• Some tests look at a single biomarker. Other tests check for many biomarkers at the same time (such as patterns of certain genes or proteins). Some tests can even look at all of the genes inside cancer cells.
  • Many biomarker tests are for people with a certain type of cancer. But some tests look for biomarkers that can be found in many different cancer types.
  • Many biomarker tests are done on tumor samples removed during a biopsy or surgery. But some biomarker tests can be done on samples of blood or other body fluids. (See “How is biomarker testing done?”) 

Do I need biomarker testing for my cancer?

If you have cancer, talk with someone from your health care team about whether biomarker testing should be part of your care.

For people with certain types of cancer, biomarker testing is done routinely to help guide treatment decisions. For other types of cancer, it might only be done for people who need systemic treatments (medicines), such as if the cancer has spread or is no longer responding to other treatments. And for some types of cancer, biomarker testing might not yet be part of routine care.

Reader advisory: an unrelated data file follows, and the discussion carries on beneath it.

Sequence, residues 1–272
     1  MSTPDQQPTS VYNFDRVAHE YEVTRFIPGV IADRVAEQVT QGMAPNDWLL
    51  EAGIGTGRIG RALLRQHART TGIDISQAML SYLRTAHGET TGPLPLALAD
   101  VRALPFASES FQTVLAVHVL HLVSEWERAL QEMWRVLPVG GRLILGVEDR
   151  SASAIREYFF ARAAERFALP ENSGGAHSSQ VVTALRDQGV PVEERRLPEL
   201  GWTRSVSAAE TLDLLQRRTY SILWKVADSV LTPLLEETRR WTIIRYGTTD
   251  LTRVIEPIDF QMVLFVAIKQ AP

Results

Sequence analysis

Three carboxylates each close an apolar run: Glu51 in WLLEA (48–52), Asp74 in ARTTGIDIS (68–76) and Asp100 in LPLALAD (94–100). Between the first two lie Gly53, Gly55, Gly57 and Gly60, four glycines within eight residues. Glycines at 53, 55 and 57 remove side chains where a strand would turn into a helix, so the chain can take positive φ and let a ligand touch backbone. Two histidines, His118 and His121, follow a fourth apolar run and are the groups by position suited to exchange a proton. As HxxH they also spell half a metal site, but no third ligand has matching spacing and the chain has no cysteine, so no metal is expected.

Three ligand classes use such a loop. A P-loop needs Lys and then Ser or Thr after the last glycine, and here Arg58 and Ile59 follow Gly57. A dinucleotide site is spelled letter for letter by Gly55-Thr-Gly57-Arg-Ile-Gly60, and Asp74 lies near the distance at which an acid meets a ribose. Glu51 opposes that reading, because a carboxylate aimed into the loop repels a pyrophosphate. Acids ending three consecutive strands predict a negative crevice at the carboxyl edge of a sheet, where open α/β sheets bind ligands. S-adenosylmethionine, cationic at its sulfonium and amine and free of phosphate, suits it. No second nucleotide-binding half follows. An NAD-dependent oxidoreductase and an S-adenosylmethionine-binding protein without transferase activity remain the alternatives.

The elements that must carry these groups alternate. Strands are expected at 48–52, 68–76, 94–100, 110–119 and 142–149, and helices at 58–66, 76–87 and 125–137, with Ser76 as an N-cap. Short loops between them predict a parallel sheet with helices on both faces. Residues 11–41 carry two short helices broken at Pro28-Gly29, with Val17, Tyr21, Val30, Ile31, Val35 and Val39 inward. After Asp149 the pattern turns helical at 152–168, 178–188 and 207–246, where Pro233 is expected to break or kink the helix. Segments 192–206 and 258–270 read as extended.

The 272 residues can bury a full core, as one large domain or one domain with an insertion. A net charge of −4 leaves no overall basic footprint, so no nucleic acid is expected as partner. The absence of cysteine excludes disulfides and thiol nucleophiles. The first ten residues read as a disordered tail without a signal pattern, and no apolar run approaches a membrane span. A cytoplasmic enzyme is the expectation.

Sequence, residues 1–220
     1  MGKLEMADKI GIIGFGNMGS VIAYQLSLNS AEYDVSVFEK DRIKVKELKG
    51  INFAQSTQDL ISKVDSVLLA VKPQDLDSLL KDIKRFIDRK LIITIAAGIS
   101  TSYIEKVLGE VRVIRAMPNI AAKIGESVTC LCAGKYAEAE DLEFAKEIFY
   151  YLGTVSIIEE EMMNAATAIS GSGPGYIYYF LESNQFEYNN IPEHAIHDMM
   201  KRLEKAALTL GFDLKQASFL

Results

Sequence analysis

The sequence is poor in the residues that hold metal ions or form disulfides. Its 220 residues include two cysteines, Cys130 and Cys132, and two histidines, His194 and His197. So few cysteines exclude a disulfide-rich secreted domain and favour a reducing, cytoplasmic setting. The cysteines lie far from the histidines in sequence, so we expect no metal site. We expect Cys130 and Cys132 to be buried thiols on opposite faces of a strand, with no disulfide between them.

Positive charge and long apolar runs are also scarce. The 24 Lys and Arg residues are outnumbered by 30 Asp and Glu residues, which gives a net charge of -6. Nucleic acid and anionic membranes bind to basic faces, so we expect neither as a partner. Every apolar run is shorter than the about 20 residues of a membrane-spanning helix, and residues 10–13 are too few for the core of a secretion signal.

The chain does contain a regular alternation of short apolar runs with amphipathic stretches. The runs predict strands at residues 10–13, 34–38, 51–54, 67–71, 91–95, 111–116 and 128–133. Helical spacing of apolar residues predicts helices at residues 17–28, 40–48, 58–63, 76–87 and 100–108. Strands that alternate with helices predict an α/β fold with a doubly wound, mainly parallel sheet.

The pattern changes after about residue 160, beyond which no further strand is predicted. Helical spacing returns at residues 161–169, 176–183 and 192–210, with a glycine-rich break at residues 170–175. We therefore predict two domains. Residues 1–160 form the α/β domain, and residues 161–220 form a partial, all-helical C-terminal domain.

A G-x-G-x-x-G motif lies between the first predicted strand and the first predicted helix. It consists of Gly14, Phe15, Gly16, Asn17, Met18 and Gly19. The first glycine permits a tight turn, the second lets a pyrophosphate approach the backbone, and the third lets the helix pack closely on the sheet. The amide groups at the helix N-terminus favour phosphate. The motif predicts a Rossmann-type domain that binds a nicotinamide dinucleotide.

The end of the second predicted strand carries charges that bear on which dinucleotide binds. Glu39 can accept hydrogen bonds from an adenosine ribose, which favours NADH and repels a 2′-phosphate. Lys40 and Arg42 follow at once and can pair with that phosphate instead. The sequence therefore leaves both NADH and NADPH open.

Here are some examples of biomarker tests that might help guide treatment decisions for some of the more common types of cancer: 

  • Non-small cell lung cancer: Changes in genes such as KRAS, EGFR, ALK, ROS1, RET, MET, and BRAF
  • Breast cancer: Estrogen receptor (ER) and progesterone receptor (PR) proteins; HER2 gene or protein status; changes in genes such as BRCA1, BRCA2, and PIK3CA
  • Colorectal cancer: Changes in genes such as KRAS, NRAS, and BRAF
  • Melanoma skin cancer: Changes in the BRAF gene
  • Any cancer: Changes in NTRK genes; changes in mismatch repair (MMR) genes; levels of microsatellite instability (MSI); tumor mutational burden (TMB)